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J Immunol. 1999 Aug 15;163(4):2049-56.

Activation of human monocytic cells by Borrelia burgdorferi and Treponema pallidum is facilitated by CD14 and correlates with surface exposure of spirochetal lipoproteins.

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1
Department of Internal Medicine, University of Texas Southwestern Medical Center, Dallas 75235, USA.

Abstract

Here we examined the involvement of CD14 in monocyte activation by motile Borrelia burgdorferi and Treponema pallidum. B. burgdorferi induced secretion of IL-8 by vitamin D3-matured THP-1 cells, which was inhibited by a CD14-specific mAb known to block cellular activation by LPS and the prototypic spirochetal lipoprotein, outer surface protein A. Enhanced responsiveness to B. burgdorferi also was observed when THP-1 cells were transfected with CD14. Because borreliae within the mammalian host and in vitro-cultivated organisms express different lipoproteins, experiments also were performed with "host-adapted" spirochetes grown within dialysis membrane chambers implanted into the peritoneal cavities of rabbits. Stimulation of THP-1 cells by host-adapted organisms was CD14 dependent and, interestingly, was actually greater than that observed with in vitro-cultivated organisms grown at either 34 degrees C or following temperature shift from 23 degrees C to 37 degrees C. Consistent with previous findings that transfection of Chinese hamster ovary cells with CD14 confers responsiveness to LPS but not to outer surface protein A, B. burgdorferi failed to stimulate CD14-transfected Chinese hamster ovary cells. T. pallidum also activated THP-1 cells in a CD14-dependent manner, although its stimulatory capacity was markedly less than that of B. burgdorferi. Moreover, cell activation by motile T. pallidum was considerably less than that induced by treponemal sonicates. Taken together, these findings support the notion that lipoproteins are the principle component of intact spirochetes responsible for monocyte activation, and they indicate that surface exposure of lipoproteins is an important determinant of a spirochetal pathogen's proinflammatory capacity.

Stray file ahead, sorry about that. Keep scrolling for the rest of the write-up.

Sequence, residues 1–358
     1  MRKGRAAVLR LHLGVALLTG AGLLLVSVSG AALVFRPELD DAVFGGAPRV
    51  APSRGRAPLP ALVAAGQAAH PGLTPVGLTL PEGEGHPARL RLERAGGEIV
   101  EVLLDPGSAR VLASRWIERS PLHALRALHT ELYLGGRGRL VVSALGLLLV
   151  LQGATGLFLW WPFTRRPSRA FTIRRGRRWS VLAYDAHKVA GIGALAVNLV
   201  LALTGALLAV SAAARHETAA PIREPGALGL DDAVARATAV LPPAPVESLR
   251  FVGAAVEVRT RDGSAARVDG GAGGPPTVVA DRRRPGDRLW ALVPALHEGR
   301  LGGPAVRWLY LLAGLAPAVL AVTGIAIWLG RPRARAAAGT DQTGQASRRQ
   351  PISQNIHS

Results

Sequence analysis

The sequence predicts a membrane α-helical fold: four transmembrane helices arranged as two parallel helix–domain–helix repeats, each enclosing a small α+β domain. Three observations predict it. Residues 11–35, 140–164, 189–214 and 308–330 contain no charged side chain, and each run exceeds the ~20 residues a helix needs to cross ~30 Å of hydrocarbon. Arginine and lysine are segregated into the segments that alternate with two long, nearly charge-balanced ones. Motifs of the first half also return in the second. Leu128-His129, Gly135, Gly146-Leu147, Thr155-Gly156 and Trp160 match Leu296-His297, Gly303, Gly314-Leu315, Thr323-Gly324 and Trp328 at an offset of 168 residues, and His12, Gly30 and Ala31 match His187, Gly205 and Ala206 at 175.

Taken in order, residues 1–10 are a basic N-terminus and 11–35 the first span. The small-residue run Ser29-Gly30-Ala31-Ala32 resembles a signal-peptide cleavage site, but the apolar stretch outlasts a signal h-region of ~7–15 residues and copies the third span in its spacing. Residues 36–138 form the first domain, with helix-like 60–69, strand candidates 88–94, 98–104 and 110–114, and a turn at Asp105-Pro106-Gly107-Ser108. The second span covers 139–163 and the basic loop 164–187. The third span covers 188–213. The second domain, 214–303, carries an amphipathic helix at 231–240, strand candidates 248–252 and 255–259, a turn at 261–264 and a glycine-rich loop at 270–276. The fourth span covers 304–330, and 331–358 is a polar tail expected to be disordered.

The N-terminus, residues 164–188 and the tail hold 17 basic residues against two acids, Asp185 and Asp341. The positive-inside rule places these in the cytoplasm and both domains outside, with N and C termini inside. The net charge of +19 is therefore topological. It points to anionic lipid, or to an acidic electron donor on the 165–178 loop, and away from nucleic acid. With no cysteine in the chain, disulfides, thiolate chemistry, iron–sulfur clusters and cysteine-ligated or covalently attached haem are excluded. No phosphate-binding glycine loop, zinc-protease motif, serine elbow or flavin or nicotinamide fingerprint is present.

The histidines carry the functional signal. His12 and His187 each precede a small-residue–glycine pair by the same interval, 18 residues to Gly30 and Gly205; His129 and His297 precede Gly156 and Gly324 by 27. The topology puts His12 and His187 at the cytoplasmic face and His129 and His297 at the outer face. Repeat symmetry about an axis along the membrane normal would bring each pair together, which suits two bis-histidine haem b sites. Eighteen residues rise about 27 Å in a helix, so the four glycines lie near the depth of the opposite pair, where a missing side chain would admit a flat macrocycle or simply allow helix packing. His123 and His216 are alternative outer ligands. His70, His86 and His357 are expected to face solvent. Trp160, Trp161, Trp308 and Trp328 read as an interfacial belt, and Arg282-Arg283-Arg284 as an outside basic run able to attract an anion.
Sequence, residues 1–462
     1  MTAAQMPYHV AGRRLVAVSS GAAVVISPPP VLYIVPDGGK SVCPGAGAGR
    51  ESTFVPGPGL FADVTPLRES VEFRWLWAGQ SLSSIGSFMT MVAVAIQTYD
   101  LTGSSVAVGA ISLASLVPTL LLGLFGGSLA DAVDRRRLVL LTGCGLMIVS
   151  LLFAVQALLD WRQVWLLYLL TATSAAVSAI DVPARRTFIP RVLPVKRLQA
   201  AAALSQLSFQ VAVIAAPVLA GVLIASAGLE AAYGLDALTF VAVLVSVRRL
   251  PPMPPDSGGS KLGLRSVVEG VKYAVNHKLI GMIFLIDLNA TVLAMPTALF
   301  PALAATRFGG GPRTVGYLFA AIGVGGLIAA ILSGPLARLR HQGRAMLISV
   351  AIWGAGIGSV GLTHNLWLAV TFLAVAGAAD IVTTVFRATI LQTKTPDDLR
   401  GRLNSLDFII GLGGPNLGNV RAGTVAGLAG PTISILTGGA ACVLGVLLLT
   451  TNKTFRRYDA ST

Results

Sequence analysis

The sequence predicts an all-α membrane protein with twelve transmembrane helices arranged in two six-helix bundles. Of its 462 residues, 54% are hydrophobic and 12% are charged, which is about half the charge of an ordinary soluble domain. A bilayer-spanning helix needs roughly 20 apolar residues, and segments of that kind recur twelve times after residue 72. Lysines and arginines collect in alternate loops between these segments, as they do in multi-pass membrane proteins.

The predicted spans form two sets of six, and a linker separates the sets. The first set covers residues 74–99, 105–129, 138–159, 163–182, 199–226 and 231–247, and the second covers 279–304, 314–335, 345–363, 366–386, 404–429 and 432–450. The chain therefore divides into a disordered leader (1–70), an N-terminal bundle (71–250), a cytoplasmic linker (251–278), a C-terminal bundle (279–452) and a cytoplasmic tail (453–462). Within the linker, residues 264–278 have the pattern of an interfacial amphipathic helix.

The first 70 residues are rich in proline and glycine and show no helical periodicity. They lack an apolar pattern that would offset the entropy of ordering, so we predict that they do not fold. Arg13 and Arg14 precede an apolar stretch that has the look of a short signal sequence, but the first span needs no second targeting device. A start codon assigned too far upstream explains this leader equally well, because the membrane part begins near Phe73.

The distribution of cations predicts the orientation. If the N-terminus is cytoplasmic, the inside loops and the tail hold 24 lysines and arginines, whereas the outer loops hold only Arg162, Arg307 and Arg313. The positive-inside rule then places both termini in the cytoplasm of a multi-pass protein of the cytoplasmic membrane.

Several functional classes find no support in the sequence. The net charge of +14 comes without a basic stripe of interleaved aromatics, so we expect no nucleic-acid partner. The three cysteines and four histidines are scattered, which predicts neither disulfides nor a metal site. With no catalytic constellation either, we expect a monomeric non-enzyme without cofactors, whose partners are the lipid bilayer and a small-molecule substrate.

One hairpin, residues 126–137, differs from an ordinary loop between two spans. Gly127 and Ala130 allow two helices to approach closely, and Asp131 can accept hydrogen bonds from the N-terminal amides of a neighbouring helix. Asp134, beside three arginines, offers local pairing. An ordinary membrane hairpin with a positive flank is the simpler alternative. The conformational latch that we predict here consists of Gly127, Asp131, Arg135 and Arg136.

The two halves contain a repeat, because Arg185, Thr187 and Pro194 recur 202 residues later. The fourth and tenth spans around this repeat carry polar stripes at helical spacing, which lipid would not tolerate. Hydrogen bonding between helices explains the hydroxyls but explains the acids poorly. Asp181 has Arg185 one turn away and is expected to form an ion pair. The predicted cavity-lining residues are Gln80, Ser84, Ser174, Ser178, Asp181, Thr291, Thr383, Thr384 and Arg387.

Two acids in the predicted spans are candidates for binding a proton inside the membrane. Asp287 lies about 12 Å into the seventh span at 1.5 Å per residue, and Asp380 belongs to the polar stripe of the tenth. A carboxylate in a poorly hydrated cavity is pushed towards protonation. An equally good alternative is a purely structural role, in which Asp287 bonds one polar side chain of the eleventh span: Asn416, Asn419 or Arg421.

PMID:
10438943
[Indexed for MEDLINE]
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